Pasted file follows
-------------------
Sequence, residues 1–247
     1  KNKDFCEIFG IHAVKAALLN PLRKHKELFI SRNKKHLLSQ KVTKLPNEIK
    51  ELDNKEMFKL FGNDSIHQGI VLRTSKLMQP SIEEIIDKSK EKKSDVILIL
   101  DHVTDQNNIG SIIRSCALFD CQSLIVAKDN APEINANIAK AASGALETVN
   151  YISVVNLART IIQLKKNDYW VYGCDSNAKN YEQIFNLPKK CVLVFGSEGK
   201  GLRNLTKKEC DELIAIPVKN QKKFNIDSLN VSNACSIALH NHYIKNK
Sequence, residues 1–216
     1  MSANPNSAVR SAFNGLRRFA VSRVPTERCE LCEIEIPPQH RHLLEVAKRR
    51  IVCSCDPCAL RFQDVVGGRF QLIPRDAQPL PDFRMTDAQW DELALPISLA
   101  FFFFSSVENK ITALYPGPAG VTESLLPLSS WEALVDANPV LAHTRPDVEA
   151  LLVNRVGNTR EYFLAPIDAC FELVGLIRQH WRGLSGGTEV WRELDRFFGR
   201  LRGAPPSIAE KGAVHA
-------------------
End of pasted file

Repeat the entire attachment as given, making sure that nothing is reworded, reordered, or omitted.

Sequence, residues 1–247
     1  KNKDFCEIFG IHAVKAALLN PLRKHKELFI SRNKKHLLSQ KVTKLPNEIK
    51  ELDNKEMFKL FGNDSIHQGI VLRTSKLMQP SIEEIIDKSK EKKSDVILIL
   101  DHVTDQNNIG SIIRSCALFD CQSLIVAKDN APEINANIAK AASGALETVN
   151  YISVVNLART IIQLKKNDYW VYGCDSNAKN YEQIFNLPKK CVLVFGSEGK
   201  GLRNLTKKEC DELIAIPVKN QKKFNIDSLN VSNACSIALH NHYIKNK
Sequence, residues 1–216
     1  MSANPNSAVR SAFNGLRRFA VSRVPTERCE LCEIEIPPQH RHLLEVAKRR
    51  IVCSCDPCAL RFQDVVGGRF QLIPRDAQPL PDFRMTDAQW DELALPISLA
   101  FFFFSSVENK ITALYPGPAG VTESLLPLSS WEALVDANPV LAHTRPDVEA
   151  LLVNRVGNTR EYFLAPIDAC FELVGLIRQH WRGLSGGTEV WRELDRFFGR
   201  LRGAPPSIAE KGAVHA